We have seen a lot of questions asking why the City can’t simply shut water off to the low plane to refill the tanks in the high plane. In theory, that would be a great idea but in reality it is not feasible with our system. The water treatment plant supplies pressure to the majority of the low plane. Although water does leave the treatment plant through large mains that feed to the tanks, there are many feeds off those bigger lines that feed the low plane. The low plane must be full and pressurized before the water can make it to the tanks that feed into the high plane. The tanks and additional pumping systems then feed the pressure to the high plane.
We are asking, and at this point I personally am begging, customers to conserve and be responsible water users. Use it for life-sustaining purposes only, which include flushing of toilets and boiling water for consumption. The less demand we have on the system, the more water can be dedicated to filling tanks, citywide re-pressurizing and ultimately rescinding the boil water notice. It will take everyone’s assistance to get through this.
I want to also make sure everyone is aware that we are not just asking this of customers in the low plane or asking this only right now. As we are able to send more water into the high plane, we are going to ask them to do the exact same thing. It will take large amounts of water to completely fill our high plane distribution lines and regain pressure in those areas, and we will be right back to trying to refill tanks as we are now. Until pressure is regained citywide and tanks are returned, we will be asking for this conservative use of water.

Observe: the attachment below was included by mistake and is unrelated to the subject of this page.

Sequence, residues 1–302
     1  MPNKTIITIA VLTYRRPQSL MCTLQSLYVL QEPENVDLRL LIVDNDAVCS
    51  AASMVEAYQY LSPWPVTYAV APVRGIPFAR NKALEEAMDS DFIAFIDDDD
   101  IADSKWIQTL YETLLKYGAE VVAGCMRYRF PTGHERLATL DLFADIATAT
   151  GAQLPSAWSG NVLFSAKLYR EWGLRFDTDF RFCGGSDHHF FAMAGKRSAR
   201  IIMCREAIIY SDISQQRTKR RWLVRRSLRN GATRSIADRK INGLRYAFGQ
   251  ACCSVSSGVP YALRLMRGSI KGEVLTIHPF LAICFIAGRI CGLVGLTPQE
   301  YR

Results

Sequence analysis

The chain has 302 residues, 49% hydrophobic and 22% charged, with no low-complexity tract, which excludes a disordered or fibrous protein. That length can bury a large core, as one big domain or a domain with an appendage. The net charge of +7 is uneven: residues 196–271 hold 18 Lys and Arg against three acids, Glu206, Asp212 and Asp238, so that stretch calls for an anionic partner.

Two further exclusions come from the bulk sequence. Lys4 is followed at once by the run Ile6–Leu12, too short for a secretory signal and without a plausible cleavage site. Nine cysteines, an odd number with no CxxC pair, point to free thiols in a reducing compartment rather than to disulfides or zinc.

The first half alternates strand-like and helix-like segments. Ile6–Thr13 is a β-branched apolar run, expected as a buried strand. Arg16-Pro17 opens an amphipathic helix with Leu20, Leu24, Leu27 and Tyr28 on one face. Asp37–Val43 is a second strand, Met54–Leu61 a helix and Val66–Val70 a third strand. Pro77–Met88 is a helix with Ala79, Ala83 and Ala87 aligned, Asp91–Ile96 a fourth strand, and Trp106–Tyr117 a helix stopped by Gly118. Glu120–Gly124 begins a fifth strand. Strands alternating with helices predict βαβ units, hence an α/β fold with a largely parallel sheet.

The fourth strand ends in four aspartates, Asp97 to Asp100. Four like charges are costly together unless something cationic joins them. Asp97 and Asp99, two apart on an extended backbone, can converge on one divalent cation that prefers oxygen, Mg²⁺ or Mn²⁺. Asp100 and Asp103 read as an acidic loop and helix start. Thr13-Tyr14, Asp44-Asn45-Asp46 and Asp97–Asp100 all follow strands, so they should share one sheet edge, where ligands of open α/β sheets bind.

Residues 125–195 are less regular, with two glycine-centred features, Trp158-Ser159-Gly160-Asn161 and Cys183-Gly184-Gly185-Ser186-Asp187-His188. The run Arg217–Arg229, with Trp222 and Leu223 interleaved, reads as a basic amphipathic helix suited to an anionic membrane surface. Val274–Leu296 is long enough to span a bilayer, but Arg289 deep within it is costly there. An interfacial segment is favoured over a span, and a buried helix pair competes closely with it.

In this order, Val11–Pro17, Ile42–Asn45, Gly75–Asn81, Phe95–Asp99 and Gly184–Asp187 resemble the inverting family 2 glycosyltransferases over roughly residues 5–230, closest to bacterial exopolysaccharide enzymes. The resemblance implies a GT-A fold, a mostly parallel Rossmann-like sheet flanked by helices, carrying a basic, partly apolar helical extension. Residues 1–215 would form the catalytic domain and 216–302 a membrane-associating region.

The boil water notice will be in effect until we can get tanks filled, the system repressurized and then sampling can begin. As we have experienced before, these samples take at least 18 hours to run. We will be collecting a large number of due to the massive dewatering of the system, so it will take time to rescind.
I also think it is important to set the expectation and to warn citizens that as the temperatures increase and we begin to thaw out, we will see more water main breaks and likely additional leaks on the customer side.
These past couple of weeks have been painstakingly hard. I want to thank our customers for working though these difficult events with us and I know we will get through this.
Thank you also to our crews that have worked so hard through miserable conditions to get us through this. I work with the most dedicated group of men and women. Their passion and drive are nothing short of inspiring and when I receive a picture of one of our crew members fixing a water main break in sub-zero degrees soaked and covered in mud but with the biggest smile on their face, I know I work with the best of the best.